Provable security refers to any type or level of computer security that can be proved. It is used in different ways by different fields.
Usually, this refers to mathematical proofs, which are common in cryptography. In such a proof, the capabilities of the attacker are defined by an adversarial model (also referred to as attacker model): the aim of the proof is to show that the attacker must solve the underlying hard problem in order to break the security of the modelled system. Such a proof generally does not consider side-channel attacks or other implementation-specific attacks, because they are usually impossible to model without implementing the system (and thus, the proof only applies to this implementation).
Outside of cryptography, the term is often used in conjunction with secure coding and security by design, both of which can rely on proofs to show the security of a particular approach. As with the cryptographic setting, this involves an attacker model and a model of the system. For example, code can be verified to match the intended functionality, described by a model: this can be done through static checking. These techniques are sometimes used for evaluating products (see Common Criteria): the security here depends not only on the correctness of the attacker model, but also on the model of the code.
Finally, the term provable security is sometimes used by sellers of security software that are attempting to sell security products like firewalls, antivirus software and intrusion detection systems. As these products are typically not subject to scrutiny, many security researchers consider this type of claim to be selling snakeoil.
In cryptography, a system has provable security if its security requirements can be stated formally in an adversarial model, as opposed to heuristically, with clear assumptions that the adversary has access to the system as well as enough computational resources. The proof of security (called a "reduction") is that these security requirements are met provided the assumptions about the adversary's access to the system are satisfied and some clearly stated assumptions about the hardness of certain computational tasks hold. An early example of such requirements and proof was given by Goldwasser and Micali for semantic security and the construction based on the quadratic residuosity problem. Some proofs of security are in given theoretical models such as the random oracle model, where real cryptographic hash functions are represented by an idealization.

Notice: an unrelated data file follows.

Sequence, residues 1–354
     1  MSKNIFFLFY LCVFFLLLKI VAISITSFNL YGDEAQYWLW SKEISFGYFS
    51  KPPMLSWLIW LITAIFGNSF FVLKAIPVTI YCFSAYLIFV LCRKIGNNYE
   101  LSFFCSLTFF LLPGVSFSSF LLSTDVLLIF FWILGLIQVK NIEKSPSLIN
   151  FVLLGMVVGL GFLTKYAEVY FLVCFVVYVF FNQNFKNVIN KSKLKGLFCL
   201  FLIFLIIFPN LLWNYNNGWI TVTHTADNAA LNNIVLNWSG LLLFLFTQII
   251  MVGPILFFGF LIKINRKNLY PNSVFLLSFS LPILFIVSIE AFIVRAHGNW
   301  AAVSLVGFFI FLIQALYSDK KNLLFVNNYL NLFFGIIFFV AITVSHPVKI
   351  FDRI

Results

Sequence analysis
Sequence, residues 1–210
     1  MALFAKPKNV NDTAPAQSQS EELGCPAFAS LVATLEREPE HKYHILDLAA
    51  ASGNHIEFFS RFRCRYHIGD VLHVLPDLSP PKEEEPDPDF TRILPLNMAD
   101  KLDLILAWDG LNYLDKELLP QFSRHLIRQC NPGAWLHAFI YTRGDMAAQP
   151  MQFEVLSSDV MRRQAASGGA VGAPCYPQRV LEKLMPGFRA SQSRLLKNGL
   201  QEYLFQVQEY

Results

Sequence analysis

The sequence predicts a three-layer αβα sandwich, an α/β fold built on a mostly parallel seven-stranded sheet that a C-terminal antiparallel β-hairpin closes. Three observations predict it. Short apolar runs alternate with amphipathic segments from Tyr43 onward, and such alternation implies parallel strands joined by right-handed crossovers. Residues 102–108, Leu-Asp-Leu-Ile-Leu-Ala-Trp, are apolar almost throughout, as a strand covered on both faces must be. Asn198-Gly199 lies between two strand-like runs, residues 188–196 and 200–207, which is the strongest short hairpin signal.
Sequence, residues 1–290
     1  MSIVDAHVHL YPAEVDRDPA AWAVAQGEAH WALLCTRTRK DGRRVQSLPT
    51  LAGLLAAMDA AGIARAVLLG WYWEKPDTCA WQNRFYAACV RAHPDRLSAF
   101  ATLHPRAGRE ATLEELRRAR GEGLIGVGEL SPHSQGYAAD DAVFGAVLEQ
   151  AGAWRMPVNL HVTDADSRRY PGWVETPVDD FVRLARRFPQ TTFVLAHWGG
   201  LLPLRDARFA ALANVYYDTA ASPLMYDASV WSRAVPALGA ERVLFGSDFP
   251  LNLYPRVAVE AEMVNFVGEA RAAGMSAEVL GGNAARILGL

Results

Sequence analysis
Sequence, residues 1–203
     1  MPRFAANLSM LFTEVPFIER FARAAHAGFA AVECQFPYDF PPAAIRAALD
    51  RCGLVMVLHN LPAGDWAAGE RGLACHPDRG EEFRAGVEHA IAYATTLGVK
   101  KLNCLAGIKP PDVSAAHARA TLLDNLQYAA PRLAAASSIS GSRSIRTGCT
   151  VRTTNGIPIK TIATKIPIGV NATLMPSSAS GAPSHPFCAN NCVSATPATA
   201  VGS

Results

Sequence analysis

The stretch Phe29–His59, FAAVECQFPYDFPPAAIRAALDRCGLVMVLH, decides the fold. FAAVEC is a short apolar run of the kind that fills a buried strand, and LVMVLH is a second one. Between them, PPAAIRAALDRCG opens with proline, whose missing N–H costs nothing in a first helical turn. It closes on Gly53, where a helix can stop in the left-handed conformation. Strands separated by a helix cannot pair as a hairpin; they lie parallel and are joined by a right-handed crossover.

There are several lines of research in provable security. One is to establish the "correct" definition of security for a given, intuitively understood task. Another is to suggest constructions and proofs based on general assumptions as much as possible, for instance the existence of a one-way function. A major open problem is to establish such proofs based on P ≠ NP, since the existence of one-way functions is not known to follow from the P ≠ NP conjecture.
Several researchers have found mathematical fallacies in proofs that had been used to make claims about the security of important protocols. In the following partial list of such researchers, their names are followed by first a reference to the original paper with the purported proof and then a reference to the paper in which the researchers reported on flaws: V. Shoup; A. J. Menezes; A. Jha and M. Nandi; D. Galindo; T. Iwata, K. Ohashi, and K. Minematsu; M. Nandi; J.-S. Coron and D. Naccache; D. Chakraborty, V. Hernández-Jiménez, and P. Sarkar; P. Gaži and U. Maurer; S. A. Kakvi and E. Kiltz; and T. Holenstein, R. Künzler, and S. Tessaro.